Rep. Sensenbrenner’s Disappointing Column
The Republican has showed his independence in the past. But not this time, not on impeachment.
On December 21 of this year, the New York Times published a column from Wisconsin Congressman Jim Sensenbrenner attacking the recently passed articles of impeachment against President Donald Trump. Rather than address the substance of the articles, the column consists largely of complaints about the lack of Republican support for the articles and about the process that produced them.
This is disappointing. Sensenbrenner occasionally showed flashes of independence during his 42 years in the House. Recently, for example, he was one of only 4 Republicans voting for HR 986, the Protecting Americans with Preexisting Conditions Act, opposing the Trump administration’s attempt to allow health policies that discriminate against people with preexisting medical conditions. Unfortunately, his column shows none of that independence.
Sensenbrenner complains about the lack of Republican support for impeachment. In part, this reflects the partisan realignment of Congress that started well before Trump took office. It also reflects Trump’s viciousness towards any Republican that defies him. To quote a recent article by the Times’ Jonathan Martin and Maggie Haberman: “To defy Mr. Trump is to invite the president’s wrath, ostracism within the party and a premature end to a career in Republican politics.”
It is somewhat surprising, therefore, that he limited himself to repeating Republican talking points, like “President Trump has been robbed of his constitutionally protected due process rights,” without ever specifying what rights Trump was robbed of or where they are mentioned in the Constitution. The Constitution itself mentions impeachment twice. The first comes in Article I Section 2: “The House of Representatives shall … have the sole Power of Impeachment.”
Later, Sensenbrenner returns to the same theme: “The closed-door hearings led to a railroad job in the House Judiciary Committee, where a majority denied those of us in the minority our rights.” Again, the reader is left to guess what those rights were. The closest he comes is to point to the Clinton impeachment as the model for the right way to handle impeachment. However, Clinton’s impeachment was the culmination of the seemingly endless investigation by Independent Counsel Kenneth Starr.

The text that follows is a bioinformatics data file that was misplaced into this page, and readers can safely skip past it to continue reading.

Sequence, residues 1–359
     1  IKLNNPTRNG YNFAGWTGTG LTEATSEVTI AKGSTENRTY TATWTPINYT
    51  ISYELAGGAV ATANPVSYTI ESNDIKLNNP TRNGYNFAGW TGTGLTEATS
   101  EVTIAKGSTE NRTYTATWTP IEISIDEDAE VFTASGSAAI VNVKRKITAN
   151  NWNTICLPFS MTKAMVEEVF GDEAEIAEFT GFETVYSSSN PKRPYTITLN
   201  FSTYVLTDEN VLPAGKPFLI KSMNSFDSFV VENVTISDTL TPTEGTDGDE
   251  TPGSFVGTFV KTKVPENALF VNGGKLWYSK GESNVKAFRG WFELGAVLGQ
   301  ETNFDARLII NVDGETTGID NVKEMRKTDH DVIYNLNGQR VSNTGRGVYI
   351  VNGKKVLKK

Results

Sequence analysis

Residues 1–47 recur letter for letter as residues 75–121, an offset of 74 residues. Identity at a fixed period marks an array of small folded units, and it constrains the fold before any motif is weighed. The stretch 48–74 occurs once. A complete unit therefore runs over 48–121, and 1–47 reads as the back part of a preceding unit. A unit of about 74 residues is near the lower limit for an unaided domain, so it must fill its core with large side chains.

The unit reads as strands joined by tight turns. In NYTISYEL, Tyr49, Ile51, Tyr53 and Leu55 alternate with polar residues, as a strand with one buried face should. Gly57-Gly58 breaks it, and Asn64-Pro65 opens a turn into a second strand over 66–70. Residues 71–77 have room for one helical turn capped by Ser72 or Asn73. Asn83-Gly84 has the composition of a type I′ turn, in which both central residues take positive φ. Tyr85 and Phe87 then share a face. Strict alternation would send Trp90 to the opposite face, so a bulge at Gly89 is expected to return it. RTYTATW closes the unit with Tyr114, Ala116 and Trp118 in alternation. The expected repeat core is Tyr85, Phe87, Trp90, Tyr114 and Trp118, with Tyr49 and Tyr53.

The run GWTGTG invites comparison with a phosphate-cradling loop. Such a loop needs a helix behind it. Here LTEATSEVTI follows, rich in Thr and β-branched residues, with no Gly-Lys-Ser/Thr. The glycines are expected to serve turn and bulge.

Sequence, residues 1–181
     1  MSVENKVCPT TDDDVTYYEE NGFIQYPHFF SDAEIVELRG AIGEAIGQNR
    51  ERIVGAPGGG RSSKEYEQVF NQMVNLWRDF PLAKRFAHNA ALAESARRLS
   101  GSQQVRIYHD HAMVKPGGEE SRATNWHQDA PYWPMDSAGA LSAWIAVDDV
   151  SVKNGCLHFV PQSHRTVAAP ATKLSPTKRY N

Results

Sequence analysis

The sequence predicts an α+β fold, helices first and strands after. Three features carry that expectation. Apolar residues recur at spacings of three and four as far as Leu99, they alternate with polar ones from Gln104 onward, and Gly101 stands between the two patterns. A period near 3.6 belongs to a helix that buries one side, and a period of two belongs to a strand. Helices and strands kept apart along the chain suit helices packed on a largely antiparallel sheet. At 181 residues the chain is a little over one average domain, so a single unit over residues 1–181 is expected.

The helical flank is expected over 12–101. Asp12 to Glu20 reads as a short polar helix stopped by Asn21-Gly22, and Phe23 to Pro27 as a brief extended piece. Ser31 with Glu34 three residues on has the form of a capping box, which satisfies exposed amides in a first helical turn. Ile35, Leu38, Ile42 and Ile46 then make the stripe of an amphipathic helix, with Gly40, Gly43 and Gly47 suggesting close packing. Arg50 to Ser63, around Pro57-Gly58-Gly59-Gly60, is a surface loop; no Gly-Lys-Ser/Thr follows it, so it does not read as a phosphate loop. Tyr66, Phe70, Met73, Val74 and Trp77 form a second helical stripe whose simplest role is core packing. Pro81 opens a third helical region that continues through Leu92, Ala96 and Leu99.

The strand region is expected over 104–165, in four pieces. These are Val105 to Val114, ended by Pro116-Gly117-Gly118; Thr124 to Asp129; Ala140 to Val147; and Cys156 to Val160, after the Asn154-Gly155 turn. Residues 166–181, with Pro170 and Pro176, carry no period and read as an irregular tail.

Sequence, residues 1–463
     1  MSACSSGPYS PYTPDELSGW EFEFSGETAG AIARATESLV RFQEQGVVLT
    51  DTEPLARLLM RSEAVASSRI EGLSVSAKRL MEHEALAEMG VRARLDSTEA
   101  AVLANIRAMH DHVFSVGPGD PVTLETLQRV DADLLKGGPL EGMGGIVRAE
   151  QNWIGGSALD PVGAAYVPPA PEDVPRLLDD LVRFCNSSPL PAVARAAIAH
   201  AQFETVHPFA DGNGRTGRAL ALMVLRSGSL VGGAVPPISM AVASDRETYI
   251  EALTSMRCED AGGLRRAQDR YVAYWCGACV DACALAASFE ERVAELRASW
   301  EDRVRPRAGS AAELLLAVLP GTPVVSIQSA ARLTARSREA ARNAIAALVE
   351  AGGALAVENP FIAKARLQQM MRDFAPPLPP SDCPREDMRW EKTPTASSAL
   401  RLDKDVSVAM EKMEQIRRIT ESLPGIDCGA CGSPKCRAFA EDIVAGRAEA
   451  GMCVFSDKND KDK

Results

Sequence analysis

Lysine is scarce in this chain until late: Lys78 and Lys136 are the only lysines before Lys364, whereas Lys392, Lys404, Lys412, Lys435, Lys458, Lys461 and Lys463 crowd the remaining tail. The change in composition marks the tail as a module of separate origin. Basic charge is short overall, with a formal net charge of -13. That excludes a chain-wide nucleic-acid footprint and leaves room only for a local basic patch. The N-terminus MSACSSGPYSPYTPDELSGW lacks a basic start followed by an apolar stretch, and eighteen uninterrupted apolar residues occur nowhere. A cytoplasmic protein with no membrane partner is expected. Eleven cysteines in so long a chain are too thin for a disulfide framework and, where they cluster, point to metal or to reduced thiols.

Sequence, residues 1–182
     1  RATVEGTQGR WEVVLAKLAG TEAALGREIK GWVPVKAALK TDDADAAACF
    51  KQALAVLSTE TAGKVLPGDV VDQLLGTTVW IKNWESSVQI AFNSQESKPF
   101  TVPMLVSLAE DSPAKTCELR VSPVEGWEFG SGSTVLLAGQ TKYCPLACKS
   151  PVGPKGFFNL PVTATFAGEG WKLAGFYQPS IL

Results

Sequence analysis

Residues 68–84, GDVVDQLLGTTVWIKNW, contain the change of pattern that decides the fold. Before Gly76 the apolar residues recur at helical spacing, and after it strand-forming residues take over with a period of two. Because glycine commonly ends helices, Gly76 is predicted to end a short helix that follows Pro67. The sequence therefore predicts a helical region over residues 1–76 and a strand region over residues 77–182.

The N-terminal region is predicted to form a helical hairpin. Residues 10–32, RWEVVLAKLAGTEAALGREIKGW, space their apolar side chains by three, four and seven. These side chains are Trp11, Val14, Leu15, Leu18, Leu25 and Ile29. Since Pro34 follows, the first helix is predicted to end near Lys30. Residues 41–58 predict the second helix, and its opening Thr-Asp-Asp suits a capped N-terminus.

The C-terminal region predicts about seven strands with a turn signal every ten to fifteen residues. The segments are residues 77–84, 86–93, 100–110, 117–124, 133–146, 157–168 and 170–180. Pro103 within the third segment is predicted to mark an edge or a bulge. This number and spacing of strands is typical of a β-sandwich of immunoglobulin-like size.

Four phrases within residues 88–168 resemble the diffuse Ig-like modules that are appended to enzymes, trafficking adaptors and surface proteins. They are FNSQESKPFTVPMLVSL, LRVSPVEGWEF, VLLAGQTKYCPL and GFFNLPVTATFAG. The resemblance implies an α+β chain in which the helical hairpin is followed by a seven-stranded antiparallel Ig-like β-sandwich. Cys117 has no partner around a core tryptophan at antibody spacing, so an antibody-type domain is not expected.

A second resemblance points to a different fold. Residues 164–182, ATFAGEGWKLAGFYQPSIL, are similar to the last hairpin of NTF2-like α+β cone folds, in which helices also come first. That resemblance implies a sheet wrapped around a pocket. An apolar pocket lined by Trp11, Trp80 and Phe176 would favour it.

Sensenbrenner claims that the obstruction of Congress charge is “particularly bad” because “Democrats failed even to give a court — the proper arbiter of these disagreements — the chance to weigh in on the matter.” Yet, Sensenbrenner’s attempt to give the judiciary co-responsibility for impeachment runs up against the Supreme Court’s decision in Nixon v. United States, which makes clear the court has no role to play.
Sensenbrenner’s attempt to address the substance of the impeachment articles consists largely of the following assertion: “When we finally considered the articles of impeachment, they were so broad and flimsy that almost any other president could most likely have been accused of them.” Contrary to this assertion, the actual articles offer specific details.
Going back through American history, it seems very unlikely that any previous president has done anything similar to Trump’s actions. Who among them pressured another nation for election help in exchange for US government support? Sensenbrenner doesn’t say.
The fact that Sensenbrenner attacks the process that led to the conclusions rather than substance of the conclusions suggests that he is unable or unwilling to defend Trump’s actions—that in Trump-speak they are “perfect.” In this he joins most of his Republican colleagues, who are very happy to point out supposed failures of process but become very quiet when it comes to Trump’s actions.
- Op Ed: The Courage of Mitt Romney - Bill Kaplan - Feb 10th, 2020
- In Trump Acquittal, Wisconsin Legislators Divided - Robin Bravender and Ruth Conniff - Feb 6th, 2020
- Pocan: ‘A Cover-Up That Will Haunt our Democracy’ - U.S. Rep Mark Pocan - Feb 5th, 2020
- Johnson Statement On Acquittal Votes - U.S. Sen. Ron Johnson - Feb 5th, 2020
- Johnson Votes to Conclude Impeachment Proceedings - U.S. Sen. Ron Johnson - Feb 3rd, 2020
- Call Bolton to Testify, Baldwin Urges - Erik Gunn - Jan 29th, 2020
- “Gut Check Time” For Senators, Baldwin Says - Shawn Johnson - Jan 28th, 2020
- Data Wonk: Measuring Republican Views on Impeachment - Bruce Thompson - Jan 2nd, 2020
- Data Wonk: Rep. Sensenbrenner’s Disappointing Column - Bruce Thompson - Dec 26th, 2019
- Pocan: ‘A Vote That Sets the Precedent for All Future Presidents’ - U.S. Rep Mark Pocan - Dec 18th, 2019
Read more about Impeachment of President Trump here